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Young boys missing out on early education role models

A new University of Queensland study into early learning shows that less than three per cent of all educators in the sector are male.

The report – ‘State of Early Learning in Australia 2019’ - was developed as part of the national Early Learning: Everyone Benefits campaign.

It says the number of children using early learning services (aged up to 5 years) was nearly 45% in 2018, although Aboriginal and Torres Strait Islander children and those who live in economically disadvantaged areas were under-represented at pre-school.

Of the estimated 195,000 staff employed in childcare services in Australia, the majority are aged between 25-44 years old and 97% of the workforce is female.

“When all forms of service are included, this figure is 91 per cent, as relatively more males work in OSHC (Out of School Hours) and occasional care,” the report states.

Associate professor Dr Michael Nagel, regarded as one of Australia’s leading experts in child development, said having a male role model in early education was important for the development of boys, especially those growing up without a strong male figure in their lives.

“Those boys who grow up in absence of fathers or strong male role models suffer from far more problems than those who do, they are more likely to experience abuse, social disadvantage, mental health issues, and exhibit behavioural problems,” he told the Courier Mail.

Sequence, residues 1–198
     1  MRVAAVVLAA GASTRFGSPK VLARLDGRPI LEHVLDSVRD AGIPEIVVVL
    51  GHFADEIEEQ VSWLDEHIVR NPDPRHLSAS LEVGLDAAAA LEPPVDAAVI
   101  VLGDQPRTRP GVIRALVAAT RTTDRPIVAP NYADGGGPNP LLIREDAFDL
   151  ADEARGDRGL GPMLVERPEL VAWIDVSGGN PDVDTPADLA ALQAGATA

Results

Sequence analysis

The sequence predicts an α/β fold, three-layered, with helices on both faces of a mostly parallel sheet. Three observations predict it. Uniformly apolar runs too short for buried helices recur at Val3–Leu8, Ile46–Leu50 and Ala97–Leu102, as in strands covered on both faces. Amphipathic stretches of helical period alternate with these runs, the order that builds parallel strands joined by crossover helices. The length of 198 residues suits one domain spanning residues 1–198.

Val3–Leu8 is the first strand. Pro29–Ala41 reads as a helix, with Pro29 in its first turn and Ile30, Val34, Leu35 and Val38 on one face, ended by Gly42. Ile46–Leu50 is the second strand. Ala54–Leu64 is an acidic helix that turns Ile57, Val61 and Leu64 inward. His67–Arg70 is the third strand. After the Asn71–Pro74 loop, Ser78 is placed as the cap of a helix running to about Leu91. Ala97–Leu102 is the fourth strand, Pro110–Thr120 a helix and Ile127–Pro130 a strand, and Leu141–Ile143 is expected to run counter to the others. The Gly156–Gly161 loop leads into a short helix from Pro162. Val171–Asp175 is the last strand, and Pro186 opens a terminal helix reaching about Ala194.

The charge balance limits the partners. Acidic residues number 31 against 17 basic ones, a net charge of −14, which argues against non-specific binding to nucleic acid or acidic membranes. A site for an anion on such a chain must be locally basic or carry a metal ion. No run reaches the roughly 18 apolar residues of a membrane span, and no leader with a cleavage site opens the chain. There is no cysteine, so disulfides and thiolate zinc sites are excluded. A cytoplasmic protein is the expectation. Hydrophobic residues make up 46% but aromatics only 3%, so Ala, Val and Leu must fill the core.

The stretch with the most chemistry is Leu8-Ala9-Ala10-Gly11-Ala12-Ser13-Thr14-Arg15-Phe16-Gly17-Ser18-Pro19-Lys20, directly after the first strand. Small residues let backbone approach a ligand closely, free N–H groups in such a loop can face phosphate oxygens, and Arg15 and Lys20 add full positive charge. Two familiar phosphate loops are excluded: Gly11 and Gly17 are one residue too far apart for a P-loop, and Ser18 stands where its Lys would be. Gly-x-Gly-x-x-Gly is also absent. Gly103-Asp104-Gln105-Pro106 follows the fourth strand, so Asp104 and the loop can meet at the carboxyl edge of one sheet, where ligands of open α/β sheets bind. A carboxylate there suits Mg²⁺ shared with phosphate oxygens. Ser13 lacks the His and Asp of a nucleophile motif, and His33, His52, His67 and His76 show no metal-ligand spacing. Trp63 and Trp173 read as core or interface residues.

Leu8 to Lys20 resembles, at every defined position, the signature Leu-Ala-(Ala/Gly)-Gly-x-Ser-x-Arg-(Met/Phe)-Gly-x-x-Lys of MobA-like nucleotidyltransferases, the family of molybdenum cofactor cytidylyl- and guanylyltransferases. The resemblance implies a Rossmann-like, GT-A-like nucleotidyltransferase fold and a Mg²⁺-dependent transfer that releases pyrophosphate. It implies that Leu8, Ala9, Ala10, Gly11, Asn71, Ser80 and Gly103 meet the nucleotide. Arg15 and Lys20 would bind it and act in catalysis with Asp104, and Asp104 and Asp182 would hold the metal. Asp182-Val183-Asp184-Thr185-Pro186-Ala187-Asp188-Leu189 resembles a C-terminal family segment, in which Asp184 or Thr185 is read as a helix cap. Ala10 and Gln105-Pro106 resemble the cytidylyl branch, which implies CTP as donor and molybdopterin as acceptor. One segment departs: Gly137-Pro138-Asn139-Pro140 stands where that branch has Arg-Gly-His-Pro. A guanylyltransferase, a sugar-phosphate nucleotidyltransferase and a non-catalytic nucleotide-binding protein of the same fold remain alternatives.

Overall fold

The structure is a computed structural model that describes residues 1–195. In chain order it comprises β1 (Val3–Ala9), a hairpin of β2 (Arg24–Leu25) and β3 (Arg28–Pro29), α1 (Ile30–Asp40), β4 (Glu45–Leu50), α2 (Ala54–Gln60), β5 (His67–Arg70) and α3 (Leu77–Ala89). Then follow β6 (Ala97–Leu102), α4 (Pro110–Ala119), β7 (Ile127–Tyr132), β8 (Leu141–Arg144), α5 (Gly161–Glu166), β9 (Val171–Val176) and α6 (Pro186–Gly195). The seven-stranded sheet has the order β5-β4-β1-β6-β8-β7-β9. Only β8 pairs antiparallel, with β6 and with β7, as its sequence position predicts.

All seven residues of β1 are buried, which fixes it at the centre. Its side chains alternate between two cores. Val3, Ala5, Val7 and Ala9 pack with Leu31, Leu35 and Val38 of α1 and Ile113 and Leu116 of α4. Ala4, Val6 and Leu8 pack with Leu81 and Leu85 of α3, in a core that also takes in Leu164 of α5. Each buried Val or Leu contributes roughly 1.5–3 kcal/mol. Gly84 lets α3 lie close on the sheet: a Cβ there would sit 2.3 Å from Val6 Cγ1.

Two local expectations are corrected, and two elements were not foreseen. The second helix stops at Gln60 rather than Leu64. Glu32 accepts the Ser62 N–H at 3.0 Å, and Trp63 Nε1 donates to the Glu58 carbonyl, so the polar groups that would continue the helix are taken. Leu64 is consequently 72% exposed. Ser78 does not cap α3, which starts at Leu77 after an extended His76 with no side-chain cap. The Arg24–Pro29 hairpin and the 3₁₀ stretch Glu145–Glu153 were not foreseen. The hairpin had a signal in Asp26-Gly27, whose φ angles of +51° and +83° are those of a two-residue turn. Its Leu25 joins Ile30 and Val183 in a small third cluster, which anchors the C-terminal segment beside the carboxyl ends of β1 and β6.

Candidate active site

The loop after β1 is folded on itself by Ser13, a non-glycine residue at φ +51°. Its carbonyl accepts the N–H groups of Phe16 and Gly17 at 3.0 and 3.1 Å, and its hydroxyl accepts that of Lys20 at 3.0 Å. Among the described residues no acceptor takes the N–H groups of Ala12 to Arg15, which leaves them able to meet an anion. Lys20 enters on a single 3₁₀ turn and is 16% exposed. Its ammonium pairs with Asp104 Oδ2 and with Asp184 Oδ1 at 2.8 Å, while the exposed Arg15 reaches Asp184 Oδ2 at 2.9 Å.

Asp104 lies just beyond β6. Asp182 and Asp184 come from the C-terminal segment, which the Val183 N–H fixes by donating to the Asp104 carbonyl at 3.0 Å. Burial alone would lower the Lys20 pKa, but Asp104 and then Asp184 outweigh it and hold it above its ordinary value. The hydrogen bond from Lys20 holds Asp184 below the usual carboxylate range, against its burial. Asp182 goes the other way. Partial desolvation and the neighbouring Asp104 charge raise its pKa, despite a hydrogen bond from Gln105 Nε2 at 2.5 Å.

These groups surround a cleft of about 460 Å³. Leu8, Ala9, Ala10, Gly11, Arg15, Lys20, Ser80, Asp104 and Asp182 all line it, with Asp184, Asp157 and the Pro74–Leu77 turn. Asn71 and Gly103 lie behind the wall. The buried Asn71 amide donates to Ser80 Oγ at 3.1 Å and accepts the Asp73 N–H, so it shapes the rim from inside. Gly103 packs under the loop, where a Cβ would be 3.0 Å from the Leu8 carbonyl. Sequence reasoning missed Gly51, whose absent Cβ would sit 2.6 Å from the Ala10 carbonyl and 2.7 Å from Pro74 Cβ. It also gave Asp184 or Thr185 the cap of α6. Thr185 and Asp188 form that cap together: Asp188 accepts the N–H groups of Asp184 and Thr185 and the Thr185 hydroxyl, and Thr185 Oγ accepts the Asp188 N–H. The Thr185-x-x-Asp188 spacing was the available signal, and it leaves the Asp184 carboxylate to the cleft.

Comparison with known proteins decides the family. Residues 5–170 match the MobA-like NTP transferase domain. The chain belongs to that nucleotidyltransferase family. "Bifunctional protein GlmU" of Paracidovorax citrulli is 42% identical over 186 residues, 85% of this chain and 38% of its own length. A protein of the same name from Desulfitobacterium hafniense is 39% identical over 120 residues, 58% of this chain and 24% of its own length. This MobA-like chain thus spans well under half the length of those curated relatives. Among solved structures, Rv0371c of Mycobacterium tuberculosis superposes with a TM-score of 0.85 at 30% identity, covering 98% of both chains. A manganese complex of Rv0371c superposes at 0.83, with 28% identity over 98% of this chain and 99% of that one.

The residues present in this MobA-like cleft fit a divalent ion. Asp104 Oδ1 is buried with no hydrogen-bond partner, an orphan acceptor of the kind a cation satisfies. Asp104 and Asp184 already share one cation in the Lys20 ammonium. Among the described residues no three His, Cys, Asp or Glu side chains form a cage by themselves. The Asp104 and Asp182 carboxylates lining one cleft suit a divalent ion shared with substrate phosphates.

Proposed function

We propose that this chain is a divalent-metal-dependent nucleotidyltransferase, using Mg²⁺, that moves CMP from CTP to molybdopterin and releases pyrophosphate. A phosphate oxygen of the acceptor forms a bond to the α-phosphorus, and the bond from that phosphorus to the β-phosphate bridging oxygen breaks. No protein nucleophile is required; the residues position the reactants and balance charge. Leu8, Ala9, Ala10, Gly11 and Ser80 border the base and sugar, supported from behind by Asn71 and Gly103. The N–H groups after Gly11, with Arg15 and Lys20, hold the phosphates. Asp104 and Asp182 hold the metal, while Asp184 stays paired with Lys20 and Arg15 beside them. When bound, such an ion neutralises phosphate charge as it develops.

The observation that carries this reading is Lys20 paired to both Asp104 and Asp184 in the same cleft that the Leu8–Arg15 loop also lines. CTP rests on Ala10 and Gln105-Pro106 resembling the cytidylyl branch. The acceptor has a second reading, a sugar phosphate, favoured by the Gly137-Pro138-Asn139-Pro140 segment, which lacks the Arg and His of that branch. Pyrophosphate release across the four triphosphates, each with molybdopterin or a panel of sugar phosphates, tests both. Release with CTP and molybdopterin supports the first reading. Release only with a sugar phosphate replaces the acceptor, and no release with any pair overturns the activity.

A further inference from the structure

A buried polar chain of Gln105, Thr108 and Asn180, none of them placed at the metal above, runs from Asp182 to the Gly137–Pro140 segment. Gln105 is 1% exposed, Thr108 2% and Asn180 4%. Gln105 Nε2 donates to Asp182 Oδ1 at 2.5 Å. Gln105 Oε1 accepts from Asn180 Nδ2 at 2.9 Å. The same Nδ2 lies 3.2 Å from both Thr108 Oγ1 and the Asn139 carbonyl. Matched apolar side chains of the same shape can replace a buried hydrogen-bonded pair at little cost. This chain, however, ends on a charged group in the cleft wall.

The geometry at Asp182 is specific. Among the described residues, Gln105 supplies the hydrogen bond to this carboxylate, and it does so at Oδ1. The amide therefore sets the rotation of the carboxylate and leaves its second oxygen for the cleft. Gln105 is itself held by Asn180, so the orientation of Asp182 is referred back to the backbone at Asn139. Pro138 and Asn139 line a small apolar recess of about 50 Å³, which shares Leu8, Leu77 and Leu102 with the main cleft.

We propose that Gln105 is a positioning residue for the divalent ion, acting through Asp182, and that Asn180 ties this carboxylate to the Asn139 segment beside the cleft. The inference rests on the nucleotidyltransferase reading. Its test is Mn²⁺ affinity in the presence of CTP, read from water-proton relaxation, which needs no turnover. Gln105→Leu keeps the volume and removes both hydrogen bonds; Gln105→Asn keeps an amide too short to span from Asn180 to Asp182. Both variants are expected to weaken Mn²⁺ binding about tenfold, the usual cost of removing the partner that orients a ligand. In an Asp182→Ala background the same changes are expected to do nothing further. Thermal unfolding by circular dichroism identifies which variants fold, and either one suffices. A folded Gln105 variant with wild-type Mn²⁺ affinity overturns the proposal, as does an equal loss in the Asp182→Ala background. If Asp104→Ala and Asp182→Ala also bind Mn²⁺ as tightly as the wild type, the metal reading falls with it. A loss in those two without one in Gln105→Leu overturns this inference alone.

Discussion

“This is not to say that mums don't do a good job, but boys need male role models, in school in particular, it’s very sad – I’ve been in schools where there are no male staff bar the groundsmen.”

Professor Nagel said there was a stigma around men developing a career at the coal face of early childhood learning, “unless they get involved in administration.”

The Queensland University study says the benefits of early learning have been well established through research in Australia and internationally. These include:

  • Better preparedness for school
  • Better results at school
  • Greater achievement in life and after school

“More immediately, young children benefit from early learning by developing the cognitive, social and emotional skills to help them thrive every day,” the report says.

“However, too many children experiencing vulnerable or disadvantaged circumstances are missing out on sufficient hours of early learning.” The cost of early learning remains a barrier for some families, either keeping them away from early education services entirely or limiting them to fewer hours than they would like.

“It’s been shown that the first 5 years of a child’s life are the most critical, so I daresay that early childhood educators actually have the most important job in our society and that needs to be reflected in culture and public perception,” said Australian Childcare Alliance board member Jae Fraser.

“After 18 years’ experience in early learning, I know that having gender balance in the educator force is so beneficial for shaping a well-rounded future generation,” he said.

The report states that in their first year of school nearly 30% of males were more likely to be developmentally vulnerable compared to females (15%).

In 2018, twice as many Indigenous children were developmentally vulnerable (41.3%) as their non-Indigenous counterparts (20.4%).


Download the report: State of Early Learning in Australia 2019 (PDF)


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